Interweaving the photographer’s lurid, color-saturated look at Imelda today with archival footage, the stranger-than-fiction documentary reminds that small-town girl Imelda Trinidad Romualdez was whisked into this life after competing in the Miss Manila beauty pageant, which caught the attention of young politician Ferdinand Marcos. They married after an 11-day courtship, and though Imelda was instrumental in his political rise, the pressure was too much to bear, leading to a near breakdown.

Imelda speaks candidly of this time and the change of outlook that led her to embrace her position as the country’s most high-profile woman — a trophy wife whom Ferdinand sent around the world while he cheated on her back home. Greenfield includes one of the damning tapes, in which actress Dovie Beams recorded her affair with the president, and checks in with several of Imelda’s pet projects, including the so-called Bridge of Love and a whimsical wild-animal preserve that hinged on the eviction of Calauit Island’s human population. At the time of her “reign,” Imelda met many world leaders, among them Chairman Mao and Saddam Hussein, whom she claims to have asked point-blank, “What’s your problem?”

If only diplomacy were so simple. What does appear easy, perhaps even alarmingly so, is the path back to power. After a few years in exile — following the death of Ferdinand, who’d been quite ill during his final stretch in office — the Marcoses found it safe to return, eventually repatriating the dictator’s corpse. With her big hair and elegant dresses (we never glimpse the all-important shoes on her feet), Imelda may look the part of the sweet Marcos grandmother, but she can also play the tough “Narcos” godmother, pulling strings from behind the scenes.

Greenfield follows Marcos on the campaign trail for her latest scheme: to get her son Bongbong elected as vice president, which would clear the way for him to succeed the dastardly Rodrigo Duterte. This last chapter is the most chilling, as it finds a desperate country naive enough to believe the false narrative the Marcoses are selling — or buying, as the case seems to be. Meanwhile, Duterte appears to be a tool in their reascension; the new president’s already horrific legacy can be seen in a series of bloody street shootings, captured by local still photographers and Greenfield’s cameras.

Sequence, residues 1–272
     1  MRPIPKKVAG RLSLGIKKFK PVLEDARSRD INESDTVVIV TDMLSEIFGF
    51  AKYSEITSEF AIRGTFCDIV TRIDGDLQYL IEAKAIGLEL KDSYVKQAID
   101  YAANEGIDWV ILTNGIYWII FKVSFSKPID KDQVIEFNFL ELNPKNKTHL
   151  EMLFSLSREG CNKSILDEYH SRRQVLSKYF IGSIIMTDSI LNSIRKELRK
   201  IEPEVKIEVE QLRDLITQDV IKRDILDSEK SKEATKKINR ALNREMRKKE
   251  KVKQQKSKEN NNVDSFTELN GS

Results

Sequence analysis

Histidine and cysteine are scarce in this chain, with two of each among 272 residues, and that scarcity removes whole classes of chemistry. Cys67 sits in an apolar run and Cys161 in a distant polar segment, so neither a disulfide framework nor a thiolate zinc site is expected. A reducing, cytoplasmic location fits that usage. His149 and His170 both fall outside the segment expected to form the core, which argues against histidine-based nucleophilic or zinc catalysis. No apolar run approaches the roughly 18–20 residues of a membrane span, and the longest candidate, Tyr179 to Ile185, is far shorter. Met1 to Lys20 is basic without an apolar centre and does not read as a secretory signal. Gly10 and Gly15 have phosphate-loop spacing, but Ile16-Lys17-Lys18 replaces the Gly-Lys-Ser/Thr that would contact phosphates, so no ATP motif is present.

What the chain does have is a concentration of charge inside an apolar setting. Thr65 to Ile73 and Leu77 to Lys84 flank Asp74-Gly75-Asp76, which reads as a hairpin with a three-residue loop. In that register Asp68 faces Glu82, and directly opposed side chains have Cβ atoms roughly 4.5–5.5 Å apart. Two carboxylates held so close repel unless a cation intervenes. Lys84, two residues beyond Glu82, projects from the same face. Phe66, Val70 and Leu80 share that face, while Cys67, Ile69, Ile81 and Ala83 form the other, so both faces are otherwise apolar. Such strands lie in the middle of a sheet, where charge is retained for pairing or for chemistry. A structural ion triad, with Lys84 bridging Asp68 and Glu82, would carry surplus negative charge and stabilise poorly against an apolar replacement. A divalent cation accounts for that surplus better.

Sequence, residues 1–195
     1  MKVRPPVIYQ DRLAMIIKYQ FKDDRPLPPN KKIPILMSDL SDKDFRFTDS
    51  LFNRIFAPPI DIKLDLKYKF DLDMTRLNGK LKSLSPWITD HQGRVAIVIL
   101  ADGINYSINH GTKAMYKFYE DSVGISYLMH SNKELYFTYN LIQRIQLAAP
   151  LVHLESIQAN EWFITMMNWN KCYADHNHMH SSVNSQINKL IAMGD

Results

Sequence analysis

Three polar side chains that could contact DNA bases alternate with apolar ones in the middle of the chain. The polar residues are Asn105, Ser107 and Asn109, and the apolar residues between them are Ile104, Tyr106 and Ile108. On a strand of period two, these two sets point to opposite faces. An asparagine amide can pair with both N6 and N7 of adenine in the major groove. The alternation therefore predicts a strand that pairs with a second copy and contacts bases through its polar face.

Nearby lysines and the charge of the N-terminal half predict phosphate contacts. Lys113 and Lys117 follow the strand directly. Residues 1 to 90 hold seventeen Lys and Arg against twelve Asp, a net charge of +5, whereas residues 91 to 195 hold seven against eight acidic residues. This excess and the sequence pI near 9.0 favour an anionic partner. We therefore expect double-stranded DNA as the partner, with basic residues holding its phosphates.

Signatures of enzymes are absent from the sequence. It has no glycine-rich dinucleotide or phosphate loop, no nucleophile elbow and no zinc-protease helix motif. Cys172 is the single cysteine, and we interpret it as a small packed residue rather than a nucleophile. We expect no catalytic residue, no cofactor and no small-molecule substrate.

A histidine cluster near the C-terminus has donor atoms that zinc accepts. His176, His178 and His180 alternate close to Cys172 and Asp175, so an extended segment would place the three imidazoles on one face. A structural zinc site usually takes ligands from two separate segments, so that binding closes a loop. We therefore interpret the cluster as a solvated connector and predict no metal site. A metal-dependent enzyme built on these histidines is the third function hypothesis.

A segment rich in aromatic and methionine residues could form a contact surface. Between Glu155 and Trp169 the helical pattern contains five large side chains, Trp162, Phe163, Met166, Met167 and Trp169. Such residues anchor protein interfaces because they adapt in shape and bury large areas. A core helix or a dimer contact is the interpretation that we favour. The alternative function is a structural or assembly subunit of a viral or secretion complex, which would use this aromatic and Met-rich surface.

In the end, “The Kingmaker” leaves it to audiences to untangle the veracity of Imelda’s own myth-building. But it’s impossible to ignore what the film says about the perils of political dynasties, which audiences have back in America as well, between the Kennedys, the Bushes, the Clintons and now the Trumps. Even those with the best intentions can be corrupted, leveraging their ambitious wives and idiot sons to reclaim the power they believe to be rightfully theirs.

Popular on Variety

Venice Film Review: 'The Kingmaker'

Reviewed at Raleigh Studios, Aug. 21, 2019. (In Venice, Telluride, Toronto film festivals.) Running time 101 MIN.

Production: A Showtime release of a Showtime Documentary Films presentation of an Evergreen Pictures production, in association with Artemis Rising, Bloomberg, Candescent Films, Impact Partners, Secret Sauce Media, in co-production with Danish Documentary. Producers: Frank Evers, Lauren Greenfield. Co-producer: Jennifer Kobzik. Executive producers: R.J. Cutler, Geralyn Dreyfous, Julie Parker Benello, Dan Cogan, Bill Haney, Lilly Hartley, Patricia Lambrecht, Nion McEvoy, Regina K. Scully, Jamie Wolf, Vinnie Malhotra. Co-executive producers: Allison Amon, Stephanie DeVaan, Lisa Mehling, David Paradice, Jenny Raskin, Lynda Weinman.

Crew: Director, writer: Lauren Greefield. Camera (color, HD): Lars Skree, Shana Hagan. Editor: Per K. Kirkegaard. Music: Jocelyn Pook.